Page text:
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>>Anyhow, I too now have a URI:
> Properly this is a URI reference.
So it is.
> so while you are (I assume) the authority on the type of
> the resource identified
> and you are free to assert that it identifies a
> hypertext document, there is
> nothing that mandates this. Indeed you are also free to
> assert that this URI represents _you_ if you so choose.
I agree. But it would not be Grice-anly cooperative to
assert that it represented *both* of them. Thus if
someone queries the semantic web "Does http://www.ccil.org/self.xtm#self
contain 32 characters?" the answer would be "No",
since John Cowan is not representable in characters.
> The point is that URIs leverage the global naming and
> registration system to allow people to create URIs and
> define what these URIs represent.
Create, yes; define, how? Only by some metadata
convention such as RDF or TM.
> in predicate logic:
> for all ?person such that
> mailbox(?person,"mailto:email@example.com") and
> name(?person, "Jonathan Borden")
Sure, absolutely. The same can be said of me and my
two mailboxes. But since a resource is anything that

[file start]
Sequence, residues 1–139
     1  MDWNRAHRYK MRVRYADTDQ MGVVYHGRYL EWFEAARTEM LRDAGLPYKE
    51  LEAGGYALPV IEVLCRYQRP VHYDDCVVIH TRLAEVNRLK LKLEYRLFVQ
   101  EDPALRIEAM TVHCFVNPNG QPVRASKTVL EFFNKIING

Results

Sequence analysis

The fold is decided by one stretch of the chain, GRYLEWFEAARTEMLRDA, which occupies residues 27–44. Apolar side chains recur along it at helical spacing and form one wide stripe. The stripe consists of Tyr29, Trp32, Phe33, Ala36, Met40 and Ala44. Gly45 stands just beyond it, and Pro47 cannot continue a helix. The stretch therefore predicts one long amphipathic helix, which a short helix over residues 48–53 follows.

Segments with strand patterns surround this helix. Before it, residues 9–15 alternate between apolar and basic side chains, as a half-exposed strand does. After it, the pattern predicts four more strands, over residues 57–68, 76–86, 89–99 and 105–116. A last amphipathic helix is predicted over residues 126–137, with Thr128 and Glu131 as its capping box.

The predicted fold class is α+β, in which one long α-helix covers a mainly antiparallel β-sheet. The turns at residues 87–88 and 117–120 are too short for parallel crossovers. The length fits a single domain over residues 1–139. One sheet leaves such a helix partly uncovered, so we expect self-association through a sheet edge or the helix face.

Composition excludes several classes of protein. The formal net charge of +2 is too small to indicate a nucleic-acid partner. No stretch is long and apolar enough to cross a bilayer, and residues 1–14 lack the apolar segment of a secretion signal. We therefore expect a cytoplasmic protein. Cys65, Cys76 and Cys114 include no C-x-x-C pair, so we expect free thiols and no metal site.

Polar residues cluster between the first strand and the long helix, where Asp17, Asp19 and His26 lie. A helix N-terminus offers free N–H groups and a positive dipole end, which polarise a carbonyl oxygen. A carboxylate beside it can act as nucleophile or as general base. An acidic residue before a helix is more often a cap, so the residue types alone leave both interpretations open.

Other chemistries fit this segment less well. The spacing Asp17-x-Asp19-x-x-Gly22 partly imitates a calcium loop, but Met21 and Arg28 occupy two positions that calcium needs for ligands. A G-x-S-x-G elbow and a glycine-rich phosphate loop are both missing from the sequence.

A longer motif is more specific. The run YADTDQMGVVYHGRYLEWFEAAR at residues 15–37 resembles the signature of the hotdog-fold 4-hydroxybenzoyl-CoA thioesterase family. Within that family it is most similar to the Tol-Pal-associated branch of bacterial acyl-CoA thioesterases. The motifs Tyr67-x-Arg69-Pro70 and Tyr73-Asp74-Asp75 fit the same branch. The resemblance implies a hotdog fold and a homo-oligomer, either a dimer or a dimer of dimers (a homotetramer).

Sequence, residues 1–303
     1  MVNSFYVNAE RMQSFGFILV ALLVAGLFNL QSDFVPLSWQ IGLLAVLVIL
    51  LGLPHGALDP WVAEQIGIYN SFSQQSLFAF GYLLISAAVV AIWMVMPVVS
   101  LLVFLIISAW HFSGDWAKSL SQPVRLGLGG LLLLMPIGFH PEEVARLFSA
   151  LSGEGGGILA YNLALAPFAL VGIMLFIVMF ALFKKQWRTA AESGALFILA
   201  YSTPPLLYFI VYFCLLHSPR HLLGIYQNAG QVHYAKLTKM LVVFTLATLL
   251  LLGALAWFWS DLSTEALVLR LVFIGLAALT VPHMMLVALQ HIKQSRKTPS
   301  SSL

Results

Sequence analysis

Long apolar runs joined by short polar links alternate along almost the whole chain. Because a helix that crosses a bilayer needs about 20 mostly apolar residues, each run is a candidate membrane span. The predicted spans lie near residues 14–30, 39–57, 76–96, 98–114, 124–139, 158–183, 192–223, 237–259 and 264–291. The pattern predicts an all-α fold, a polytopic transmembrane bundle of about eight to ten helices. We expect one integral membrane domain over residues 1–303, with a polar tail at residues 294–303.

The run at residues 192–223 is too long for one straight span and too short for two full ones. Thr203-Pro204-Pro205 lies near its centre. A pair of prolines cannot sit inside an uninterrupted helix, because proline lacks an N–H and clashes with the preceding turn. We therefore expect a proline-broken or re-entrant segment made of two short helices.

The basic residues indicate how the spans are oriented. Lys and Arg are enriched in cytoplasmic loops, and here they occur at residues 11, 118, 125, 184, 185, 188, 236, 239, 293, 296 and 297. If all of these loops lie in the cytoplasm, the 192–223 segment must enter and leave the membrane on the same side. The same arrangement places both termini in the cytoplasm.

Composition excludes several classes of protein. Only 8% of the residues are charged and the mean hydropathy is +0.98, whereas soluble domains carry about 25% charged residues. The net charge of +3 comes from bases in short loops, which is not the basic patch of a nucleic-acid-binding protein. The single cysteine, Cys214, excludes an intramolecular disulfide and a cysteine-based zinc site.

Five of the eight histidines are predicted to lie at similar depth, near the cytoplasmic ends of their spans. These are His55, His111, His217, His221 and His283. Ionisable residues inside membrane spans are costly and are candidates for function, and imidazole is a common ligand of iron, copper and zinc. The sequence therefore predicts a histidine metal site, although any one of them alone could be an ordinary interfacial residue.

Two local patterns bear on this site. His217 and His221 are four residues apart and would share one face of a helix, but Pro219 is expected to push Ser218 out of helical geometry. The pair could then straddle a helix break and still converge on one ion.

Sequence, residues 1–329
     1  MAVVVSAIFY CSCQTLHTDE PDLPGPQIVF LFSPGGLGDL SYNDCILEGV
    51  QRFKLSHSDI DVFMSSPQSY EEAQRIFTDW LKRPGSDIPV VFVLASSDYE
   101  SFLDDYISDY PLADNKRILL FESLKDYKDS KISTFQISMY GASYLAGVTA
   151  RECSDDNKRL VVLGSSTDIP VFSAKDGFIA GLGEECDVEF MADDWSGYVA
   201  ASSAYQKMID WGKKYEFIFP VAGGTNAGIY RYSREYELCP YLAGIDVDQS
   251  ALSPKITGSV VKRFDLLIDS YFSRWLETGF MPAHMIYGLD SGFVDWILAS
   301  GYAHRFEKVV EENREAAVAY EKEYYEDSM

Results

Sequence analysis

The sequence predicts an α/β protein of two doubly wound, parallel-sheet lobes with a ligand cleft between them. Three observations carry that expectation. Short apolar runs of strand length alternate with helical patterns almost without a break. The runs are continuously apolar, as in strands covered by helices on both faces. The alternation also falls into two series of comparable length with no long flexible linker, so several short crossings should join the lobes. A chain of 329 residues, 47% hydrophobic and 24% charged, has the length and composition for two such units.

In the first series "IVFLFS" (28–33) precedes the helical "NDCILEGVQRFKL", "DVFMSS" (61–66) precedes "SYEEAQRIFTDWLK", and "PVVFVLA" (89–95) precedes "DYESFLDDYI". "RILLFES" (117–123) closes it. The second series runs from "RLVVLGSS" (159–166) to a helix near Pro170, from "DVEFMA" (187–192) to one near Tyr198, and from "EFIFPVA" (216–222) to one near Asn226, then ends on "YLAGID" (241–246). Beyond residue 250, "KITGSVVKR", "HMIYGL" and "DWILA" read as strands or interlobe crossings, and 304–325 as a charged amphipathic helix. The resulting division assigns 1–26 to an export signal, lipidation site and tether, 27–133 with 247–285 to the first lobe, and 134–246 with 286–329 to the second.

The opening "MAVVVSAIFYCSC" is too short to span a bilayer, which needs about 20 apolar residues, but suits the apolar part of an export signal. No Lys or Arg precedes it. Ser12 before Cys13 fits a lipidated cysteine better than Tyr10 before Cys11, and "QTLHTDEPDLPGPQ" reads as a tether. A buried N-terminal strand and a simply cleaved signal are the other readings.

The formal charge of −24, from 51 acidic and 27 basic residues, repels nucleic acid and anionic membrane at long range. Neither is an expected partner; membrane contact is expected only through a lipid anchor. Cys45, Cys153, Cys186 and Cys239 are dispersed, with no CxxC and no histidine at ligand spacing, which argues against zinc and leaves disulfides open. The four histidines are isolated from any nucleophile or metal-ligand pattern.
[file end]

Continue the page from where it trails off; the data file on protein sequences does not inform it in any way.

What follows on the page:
has identity, and every resource can potentially have
a URI, we still must:
1) decide the URI of ?person such that name(?person,
2) figure out how to make this URI available to others.
> Considering that such logics have been around and well
> characterized for many decades, I am not sure what topic
> maps bring to the table. I do think that I need
> something like a topic map to see how these concepts
> relate between TM, RDF, FOPL etc.
TM and RDF are equivalent in power. TM predefines certain
predicates such as nameOf, trueWithRespectTo, typeOf,
instanceOf, playsRole, and provides a syntax for
expressing them. I owe several people a paper explaining
the details, and I'm basically hung up on a single
RDF detail -- and lack of time, of course, lack of time.
Both TM and RDF are capable of expressing FOPL ground terms
only: they have no concept of quantified variables.
(The obsolescent RDF concepts of aboutEach and aboutEachPrefix
were a minor exception.) One could easily write code to
transform a TM or RDFbase into a bunch of Prolog facts.
> The term "subject" is
> in grave danger of becoming as overloaded as "resource"
"[A] subject is anything whatsoever, regardless of whether it exists or
has any other specific characteristics, about which anything whatsoever
may be asserted by any means whatsoever."
--the XTM specification
So a subject is a resource and vice versa.
John Cowan <firstname.lastname@example.org> http://www.reutershealth.com
I amar prestar aen, han mathon ne nen, http://www.ccil.org/~cowan
han mathon ne chae, a han noston ne 'wilith. --Galadriel, _LOTR:FOTR_